College basketball 2021-22: After NCAA run, new-look Eastern Washington men will lean on championship core
Fri., Nov. 5, 2021
As one of six holdovers from last season’s NCAA Tournament team, Eastern Washington guard Casson Rouse will be counted on for scoring and leadership. (Tyler Tjomsland/The Spokesman-Review)
David Riley’s tenure as Eastern Washington’s men’s basketball coach began in March, and he had little time to waste.
More than half the roster left when former coach Shantay Legans did, leaving behind six players for Riley, who was promoted from associate head coach to replace his former boss.
Just three of those six could reasonably be considered regular contributors on last year’s NCAA Tournament team, but all of them have formed an important core to this season’s squad.
“We were telling them and teaching them how to lead and how to hold guys accountable,” Riley said, “because when we hit the ground running in late June, with all our guys, they’re the ones who had to set the standard.”
And if anyone understands that standard, Riley said, it’s those six: Austin Fadal, Steele Venters, Isaiah Amato, Casson Rouse, Victor Radocaj and Ellis Magnuson.
“We know what it’s like to win a championship,” Riley said. “Everyone that was on our team last year developed in our program, and they understand the process for us to get better.”
Joining those six returners are 12 newcomers, a collection of transfers and freshmen. They are all at Eastern to prove that the expectation the Eagles will take a step back this year – they were picked to finish eighth and seventh by the coaches and media, respectively, in the 11-team Big Sky Conference – is unfounded.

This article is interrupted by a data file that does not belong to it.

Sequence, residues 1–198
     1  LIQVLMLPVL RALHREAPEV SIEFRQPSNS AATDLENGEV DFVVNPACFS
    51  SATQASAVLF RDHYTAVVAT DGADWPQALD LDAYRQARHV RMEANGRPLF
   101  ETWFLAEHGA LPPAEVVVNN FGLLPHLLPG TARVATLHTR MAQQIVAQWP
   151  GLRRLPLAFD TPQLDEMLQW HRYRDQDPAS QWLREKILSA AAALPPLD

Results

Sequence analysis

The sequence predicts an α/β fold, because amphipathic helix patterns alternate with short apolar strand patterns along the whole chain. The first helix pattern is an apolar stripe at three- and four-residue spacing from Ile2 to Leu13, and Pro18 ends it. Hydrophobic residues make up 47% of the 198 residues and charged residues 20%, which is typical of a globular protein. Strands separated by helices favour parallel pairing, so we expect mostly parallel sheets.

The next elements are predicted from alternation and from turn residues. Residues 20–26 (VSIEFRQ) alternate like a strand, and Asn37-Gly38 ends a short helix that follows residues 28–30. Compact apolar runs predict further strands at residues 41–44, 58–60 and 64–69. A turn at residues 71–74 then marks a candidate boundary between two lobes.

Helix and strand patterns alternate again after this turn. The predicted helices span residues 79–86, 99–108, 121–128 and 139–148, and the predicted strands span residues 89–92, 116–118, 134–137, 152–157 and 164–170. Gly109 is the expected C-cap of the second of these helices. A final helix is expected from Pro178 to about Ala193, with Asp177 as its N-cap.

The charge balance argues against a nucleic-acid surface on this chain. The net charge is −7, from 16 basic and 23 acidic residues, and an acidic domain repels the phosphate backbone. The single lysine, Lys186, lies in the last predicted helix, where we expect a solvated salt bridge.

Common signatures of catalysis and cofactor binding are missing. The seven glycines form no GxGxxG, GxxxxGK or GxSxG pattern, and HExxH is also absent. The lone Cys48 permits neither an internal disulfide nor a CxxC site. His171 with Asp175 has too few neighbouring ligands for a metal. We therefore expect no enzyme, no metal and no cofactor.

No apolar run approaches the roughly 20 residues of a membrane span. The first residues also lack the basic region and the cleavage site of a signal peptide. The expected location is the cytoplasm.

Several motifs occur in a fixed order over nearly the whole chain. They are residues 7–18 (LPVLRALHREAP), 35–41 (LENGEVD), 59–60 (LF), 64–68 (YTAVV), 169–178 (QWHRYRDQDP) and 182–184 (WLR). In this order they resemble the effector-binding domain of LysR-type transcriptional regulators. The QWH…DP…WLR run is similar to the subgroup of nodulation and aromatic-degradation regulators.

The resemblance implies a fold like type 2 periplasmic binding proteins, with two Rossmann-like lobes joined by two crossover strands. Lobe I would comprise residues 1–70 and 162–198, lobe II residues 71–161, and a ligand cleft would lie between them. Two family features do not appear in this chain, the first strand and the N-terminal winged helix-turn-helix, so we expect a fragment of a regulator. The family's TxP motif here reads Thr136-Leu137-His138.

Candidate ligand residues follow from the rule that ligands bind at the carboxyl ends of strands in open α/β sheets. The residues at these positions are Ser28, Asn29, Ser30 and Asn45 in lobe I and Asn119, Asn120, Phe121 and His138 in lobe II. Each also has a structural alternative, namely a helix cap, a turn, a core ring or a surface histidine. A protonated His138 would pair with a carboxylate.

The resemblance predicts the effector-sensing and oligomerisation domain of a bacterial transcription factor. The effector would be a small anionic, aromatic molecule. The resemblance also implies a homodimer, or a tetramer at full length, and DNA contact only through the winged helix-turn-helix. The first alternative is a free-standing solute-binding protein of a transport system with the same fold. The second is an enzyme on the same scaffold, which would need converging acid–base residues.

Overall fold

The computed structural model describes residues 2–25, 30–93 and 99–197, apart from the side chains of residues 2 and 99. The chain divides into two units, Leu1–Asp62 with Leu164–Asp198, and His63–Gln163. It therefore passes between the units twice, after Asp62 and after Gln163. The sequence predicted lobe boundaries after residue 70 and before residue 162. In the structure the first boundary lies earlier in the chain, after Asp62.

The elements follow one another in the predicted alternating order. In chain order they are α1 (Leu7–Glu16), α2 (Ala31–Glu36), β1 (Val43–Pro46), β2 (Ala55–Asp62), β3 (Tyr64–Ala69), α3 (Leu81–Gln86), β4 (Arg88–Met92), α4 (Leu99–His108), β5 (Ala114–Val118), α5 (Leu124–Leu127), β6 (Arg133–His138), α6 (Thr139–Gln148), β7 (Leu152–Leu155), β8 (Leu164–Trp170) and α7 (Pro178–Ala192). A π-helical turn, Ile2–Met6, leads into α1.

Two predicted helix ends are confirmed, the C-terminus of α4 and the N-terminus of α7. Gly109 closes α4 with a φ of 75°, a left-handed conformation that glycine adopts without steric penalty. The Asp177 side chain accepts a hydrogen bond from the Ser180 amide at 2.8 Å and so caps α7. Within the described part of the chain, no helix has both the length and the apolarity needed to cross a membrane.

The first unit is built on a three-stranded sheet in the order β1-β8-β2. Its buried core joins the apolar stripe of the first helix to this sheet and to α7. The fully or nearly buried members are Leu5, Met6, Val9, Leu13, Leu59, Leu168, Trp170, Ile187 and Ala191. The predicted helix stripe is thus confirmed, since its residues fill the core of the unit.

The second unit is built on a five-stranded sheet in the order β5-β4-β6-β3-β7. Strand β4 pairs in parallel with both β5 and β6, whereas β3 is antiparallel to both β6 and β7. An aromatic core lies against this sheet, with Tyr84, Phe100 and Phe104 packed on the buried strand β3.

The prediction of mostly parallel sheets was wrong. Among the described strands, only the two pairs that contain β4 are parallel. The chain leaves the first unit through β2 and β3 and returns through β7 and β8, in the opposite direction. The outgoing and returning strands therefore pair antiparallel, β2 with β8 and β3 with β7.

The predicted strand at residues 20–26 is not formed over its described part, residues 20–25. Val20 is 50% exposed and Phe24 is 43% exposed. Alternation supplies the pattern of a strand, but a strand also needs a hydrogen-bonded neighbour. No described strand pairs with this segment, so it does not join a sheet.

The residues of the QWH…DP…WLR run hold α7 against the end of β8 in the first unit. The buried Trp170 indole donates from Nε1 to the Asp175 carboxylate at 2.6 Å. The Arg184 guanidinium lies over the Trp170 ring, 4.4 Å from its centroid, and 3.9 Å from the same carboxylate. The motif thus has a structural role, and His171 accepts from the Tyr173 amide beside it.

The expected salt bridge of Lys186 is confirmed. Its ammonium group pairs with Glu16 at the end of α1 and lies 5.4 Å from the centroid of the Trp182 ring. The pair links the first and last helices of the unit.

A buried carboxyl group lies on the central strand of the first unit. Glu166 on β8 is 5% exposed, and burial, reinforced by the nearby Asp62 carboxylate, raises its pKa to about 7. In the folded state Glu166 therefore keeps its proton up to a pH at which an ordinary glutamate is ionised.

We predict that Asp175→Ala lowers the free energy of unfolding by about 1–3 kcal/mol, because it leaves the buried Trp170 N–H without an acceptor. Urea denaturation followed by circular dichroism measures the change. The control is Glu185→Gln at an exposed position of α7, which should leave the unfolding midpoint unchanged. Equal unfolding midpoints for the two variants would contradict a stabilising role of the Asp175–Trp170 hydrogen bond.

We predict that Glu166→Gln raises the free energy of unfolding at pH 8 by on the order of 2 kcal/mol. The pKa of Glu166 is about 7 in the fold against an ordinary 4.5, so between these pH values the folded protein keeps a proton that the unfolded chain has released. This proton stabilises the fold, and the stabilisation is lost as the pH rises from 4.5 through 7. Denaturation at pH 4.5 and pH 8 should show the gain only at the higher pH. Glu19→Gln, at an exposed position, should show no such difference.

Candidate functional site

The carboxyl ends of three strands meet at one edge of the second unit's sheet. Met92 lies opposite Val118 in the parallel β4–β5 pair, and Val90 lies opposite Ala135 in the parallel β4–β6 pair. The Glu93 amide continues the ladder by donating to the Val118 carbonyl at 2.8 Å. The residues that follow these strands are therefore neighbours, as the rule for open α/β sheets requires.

The 12 new players hail from five different states and three foreign countries, but each is somehow connected to the program, Riley said, and the connotation is that each was specifically pursued. Recruiting was done over video calls and phone calls, and Riley was seeking three key traits beyond basketball skills: high character, high IQ and high motor.
“Those are the three most important things for us, and you don’t get to see that based on watching a game,” Riley said.
When the team first convened for a dinner in June, they talked about their goals both as a team and as individuals, and it was clear to Riley that everyone on the roster has a chip, he said, that they were overlooked somehow, whether in college or in high school.
But together now at Eastern, Riley said, “they have an opportunity to show the world what they can do. That’s a fun mindset to have.”
Lately, then, the focus has been on bringing together the old with the new and developing team chemistry as Eastern prepares for a road-heavy nonconference schedule.
The Eagles will play just three of their first 12 games at home. They host Walla Walla on Nov. 15, Southern Utah – the Big Sky preseason favorite – on Dec. 2, and then Multnomah on Dec. 15.
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